很无聊 is just a plain statement.
In southern China (at least in the 浙江/江苏/上海 area I've been in), 好 is a perfectly acceptable substitute for 很 in almost all circumstances. For example:
There isn't really a semantic difference, except that 好 is more informal. Also, there are a few circumstances where it would be confusing to use 好 instead of 很.
A lot of people are trying to explain 就 vs 才 with english equivalent terms, but that makes it very confusing when it can be explained with simple logic statements, and it is crucial to understand the reasoning behind all these cases:
X就Y -> Y if X
X才Y -> Y if and only if X
The difference is that when using 就, X is not the only condition that Y can ...
Basic SVO form: "我开车" (I drive) = [我(s)+ 开(v) + 车(o)] or [我(s)+开车(v)]
Add description of the duration : [我开(半天)车] = [I drive (half a day)]
Add verb particle '了' to indicate the verb is completed : [我开(了)半天车] = [I (have driven) half a day]
repeat the verb 'drive' to emphasize it : [(我)(开车)(开)(半天)] = [(I) (drive), (drive) (half a day)]
Add verb particle '了' ...
grammar topic:complements of duration with object, raised at this site several times (still searching locations),anyhow here is an excerpt from Yufa! A Practical Guide to Mandarin Chinese Grammar 13 The complement of duration
(b) The verb-repetition pattern
The verb-repetition pattern is: verb + object + verb + complement. When the verb has
an object, the ...
This is a valid sentence grammatically. The sentence structure is: Subject + Adverb of manner + Verb Phrase.
Please note: 躺在草地上 is a whole piece in terms of sentence structure. Yes, it contains two parts: verb 躺 and location complement 在草地上, but these 2 parts are at the 2nd level, different from 他 or 静静地 as they are at the 1st level. That ...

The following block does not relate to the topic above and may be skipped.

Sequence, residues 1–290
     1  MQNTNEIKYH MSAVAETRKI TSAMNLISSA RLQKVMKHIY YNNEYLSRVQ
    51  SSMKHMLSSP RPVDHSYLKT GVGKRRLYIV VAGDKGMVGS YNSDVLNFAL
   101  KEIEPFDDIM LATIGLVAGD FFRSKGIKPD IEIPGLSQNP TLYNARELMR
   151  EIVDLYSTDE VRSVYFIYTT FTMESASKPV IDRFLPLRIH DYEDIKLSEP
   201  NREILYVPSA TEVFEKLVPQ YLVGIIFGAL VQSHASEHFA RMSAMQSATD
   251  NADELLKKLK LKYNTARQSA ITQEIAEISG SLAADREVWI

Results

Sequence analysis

I would say both sentences mean the same thing, which in English is "he lies on the grass quietly." However, the slight difference is the emphasis. Since we only need to abide by the S + V + O structure rules in Chinese sentences, so an adverb can literally be anywhere in the sentence.
In Chinese, the earlier you put a word in the sentence order, the more ...
Strictly, they are not all the same.
The second one sounds some more poetic in Chinese.
But in daily life, you will say the first one to express the meaning,"he lies on the grass quietly", the second one may make you seems sort of strange.
只 is equivalent to "only", a small amount. You would use it to say something like "I have only five bucks", "he's only two years old".
才 is used if you have to have a minimum amount. Examples: "you must be this tall (or taller) to ride", "you have to wait three minutes (or longer)".
很 is NOT similar to 真.
很 is used before adj or adv to form a compounded adj or adv phrase, 很 is at the phrase level (inner level). But 真 modifies the whole predicate (ourter level).
We can say:
中国的风景很不错。 很 modifies 不错.
中国的风景真(的)不错. 真 modifies the whole predicate (不错).
中国的风景真(的)很不错. 真 modifies the whole predicate (很不错).
But we ...
Both sentences are correct, and they are the same.
I would say the slight difference between them is that first sentence more colloquial than second one.
they are in English should be:
TV said ...
TV show/display ...
He is very unsatisfied.
He is not very ...full?
The problem is the usage of 满.
But only 满 usually means full/completed/filled
so 他不十分满 is wrong, how could a man get filled? (perhaps beer?)
他不十分满意 is OK, meaning He is not very satisfied